• Anonymous

    I am a person who can be considered obese by medical standards and I have to admit I am a little uncertain on how I feel about this ruling. Though I have been in great physical shape in the past, I have never been, nor will I ever be “skinny” due to genetics and bone size. I am not an overeater, a closet eater or any of the other labels people like to put on people who don’t fit into their picture of “normal”. Rather, I was in 2-serious car accidents and 1-work accident that has rendered it painful to maintain the exercise level I used to complete and so my body almost acts like my enemy on some days. Does this mean I need to be protected by law because of my size while other challenged folks, like the aforementioned smokers, not? I don’t know — seems like we continue to police ourselves too much and make too many rules. I guess my rose-colored glasses indicate we should have more common sense in the 21st century. On the other hand, I have seen some morbidly obese people discriminated against and I can guarantee you, the person making the judgment likely didn’t know that persons’ story or how they got that way. In any case, as I started my comments out, I am uncertain how I feel about this ruling. However — I am pleased to see the excellent communication and discussion around this topic.

  • Anonymous

    I believe obesity comes in two forms….medically (medications for another illness) and by over-eating and lack of exercise. We have overweight people where I work and as long as they are doing their job, no problem. However, we have noticed that such people are not asked to represent the department at major functions. Why not? Because many don’t believe such people present a professional business look. They will have the larger person work on the presentation, but will not allow them to present.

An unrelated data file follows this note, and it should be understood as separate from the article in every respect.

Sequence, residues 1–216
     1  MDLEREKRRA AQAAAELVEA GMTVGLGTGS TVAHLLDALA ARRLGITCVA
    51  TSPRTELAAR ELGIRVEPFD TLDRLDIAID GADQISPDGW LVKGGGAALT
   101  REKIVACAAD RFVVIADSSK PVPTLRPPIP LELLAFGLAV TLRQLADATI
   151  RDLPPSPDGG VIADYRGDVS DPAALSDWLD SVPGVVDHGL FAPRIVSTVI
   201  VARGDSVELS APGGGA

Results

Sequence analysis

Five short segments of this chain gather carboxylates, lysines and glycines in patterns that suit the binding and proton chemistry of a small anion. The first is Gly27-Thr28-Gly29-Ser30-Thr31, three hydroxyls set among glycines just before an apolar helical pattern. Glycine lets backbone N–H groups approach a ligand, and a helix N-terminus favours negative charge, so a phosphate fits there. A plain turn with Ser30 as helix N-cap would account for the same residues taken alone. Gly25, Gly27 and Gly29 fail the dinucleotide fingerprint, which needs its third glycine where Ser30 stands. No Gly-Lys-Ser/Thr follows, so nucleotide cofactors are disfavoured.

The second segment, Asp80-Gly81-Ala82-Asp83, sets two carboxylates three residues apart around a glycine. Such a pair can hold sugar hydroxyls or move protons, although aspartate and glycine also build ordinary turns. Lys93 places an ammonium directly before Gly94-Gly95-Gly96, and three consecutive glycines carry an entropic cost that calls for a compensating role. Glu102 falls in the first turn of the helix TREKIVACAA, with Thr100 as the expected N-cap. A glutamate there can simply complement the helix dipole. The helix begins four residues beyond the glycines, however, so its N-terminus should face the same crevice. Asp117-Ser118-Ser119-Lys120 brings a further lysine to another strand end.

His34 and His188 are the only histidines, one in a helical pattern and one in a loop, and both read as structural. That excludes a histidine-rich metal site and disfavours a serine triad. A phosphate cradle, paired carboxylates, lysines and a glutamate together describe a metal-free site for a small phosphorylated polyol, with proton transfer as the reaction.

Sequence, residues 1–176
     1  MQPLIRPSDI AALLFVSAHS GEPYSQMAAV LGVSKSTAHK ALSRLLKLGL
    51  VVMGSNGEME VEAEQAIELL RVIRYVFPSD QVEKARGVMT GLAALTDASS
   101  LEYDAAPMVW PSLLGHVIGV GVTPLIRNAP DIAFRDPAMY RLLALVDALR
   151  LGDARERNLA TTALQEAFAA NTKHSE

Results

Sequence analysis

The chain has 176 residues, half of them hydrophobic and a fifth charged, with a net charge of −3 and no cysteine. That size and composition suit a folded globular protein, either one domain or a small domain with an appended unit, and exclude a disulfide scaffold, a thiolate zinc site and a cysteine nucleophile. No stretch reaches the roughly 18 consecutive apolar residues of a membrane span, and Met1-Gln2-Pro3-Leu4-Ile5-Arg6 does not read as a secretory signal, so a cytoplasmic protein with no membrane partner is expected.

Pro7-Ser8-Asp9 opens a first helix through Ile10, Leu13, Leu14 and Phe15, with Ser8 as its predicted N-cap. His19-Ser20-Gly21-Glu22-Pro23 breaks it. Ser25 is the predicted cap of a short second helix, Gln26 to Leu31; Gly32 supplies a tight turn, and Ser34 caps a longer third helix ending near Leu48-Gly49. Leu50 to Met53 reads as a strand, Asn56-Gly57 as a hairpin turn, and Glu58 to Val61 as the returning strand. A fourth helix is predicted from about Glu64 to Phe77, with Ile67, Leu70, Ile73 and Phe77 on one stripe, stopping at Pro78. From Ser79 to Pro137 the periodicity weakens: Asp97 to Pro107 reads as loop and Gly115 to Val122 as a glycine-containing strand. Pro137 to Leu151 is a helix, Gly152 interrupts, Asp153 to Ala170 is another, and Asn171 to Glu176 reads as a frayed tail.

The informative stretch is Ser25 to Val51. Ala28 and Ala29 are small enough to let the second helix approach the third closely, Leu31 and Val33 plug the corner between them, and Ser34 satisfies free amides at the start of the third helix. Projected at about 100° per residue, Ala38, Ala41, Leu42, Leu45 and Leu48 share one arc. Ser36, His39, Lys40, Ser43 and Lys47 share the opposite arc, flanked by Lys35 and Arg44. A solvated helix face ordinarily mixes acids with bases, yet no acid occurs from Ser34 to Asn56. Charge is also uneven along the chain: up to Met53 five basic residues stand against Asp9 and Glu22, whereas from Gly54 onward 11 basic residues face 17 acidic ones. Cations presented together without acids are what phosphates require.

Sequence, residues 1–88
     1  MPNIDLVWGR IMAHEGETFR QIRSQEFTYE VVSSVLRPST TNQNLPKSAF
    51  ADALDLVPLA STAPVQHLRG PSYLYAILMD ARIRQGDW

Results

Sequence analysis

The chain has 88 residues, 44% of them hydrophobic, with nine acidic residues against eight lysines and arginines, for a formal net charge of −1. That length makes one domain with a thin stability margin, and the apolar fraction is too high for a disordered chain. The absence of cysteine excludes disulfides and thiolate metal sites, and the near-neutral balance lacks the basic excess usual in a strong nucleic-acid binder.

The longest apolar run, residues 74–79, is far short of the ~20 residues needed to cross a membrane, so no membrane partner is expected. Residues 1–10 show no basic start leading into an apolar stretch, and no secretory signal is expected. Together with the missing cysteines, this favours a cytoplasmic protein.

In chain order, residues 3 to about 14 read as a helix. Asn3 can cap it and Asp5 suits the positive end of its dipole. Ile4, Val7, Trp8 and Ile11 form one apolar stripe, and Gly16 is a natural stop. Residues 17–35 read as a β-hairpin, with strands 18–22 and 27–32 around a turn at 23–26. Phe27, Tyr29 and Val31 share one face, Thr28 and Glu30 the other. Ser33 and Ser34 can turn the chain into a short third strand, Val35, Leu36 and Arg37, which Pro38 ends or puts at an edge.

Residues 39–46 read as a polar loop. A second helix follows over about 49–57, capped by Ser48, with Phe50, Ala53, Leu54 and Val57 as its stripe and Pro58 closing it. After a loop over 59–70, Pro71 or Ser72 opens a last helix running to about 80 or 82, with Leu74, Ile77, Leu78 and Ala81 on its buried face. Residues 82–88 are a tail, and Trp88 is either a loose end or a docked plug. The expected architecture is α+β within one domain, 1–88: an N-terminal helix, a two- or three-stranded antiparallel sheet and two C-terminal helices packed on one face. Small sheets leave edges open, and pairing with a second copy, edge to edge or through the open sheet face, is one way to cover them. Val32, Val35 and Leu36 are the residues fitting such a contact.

• Anonymous

    I’ve been obese and by recommendation of my endocrinologist because of underlying genetic disorders I has from birth I had bariatric surgery and am now a normal weight. I did not cuase my obesity and about 10% of the population has similar disorders. A regular aerobic routine daily and a 400 calorie diet for a year still caused weight gain. That’s the story of my life so far.
    As for causing one’s own disability, I know of a bunch of people who skied into trees, dived head first into shallow water, or athlete who because they played a high risk sport, are disabled. I believe no one questions their right to benefits. Obese childern are fed incorrectly perhaps, should they get a break until they can figure out how to reverse a lifelong problem, if they can. Once diabetic, the difficulties are enormous.
    What this ruling might do is allow people in need of medical and psychologic support to get the help they need before they become a taxpayer’s burden.

  • Anonymous

    It seems to me the issue of obesity as a disability, as far as an employer is concerned, shares some points with other conditions. It’s not all about whose “fault” it is that a person is obese. It’s about the talents and abilities that person has to offer.

  • Anonymous

    Has anyone noticed that the EEOC uses obese, morbidly obese and severely obese interchangeably on their website and correspondence? I think this may be part of the concern when it comes to their definition of disability. I do not think the EEOC will actually include obesity as a disability, if there are no edical conditions being used as the reason for discrimination (unless they use “perceived as”). Contrary to what many think, there are people who are considered clinically obese who do not currently have heath problems.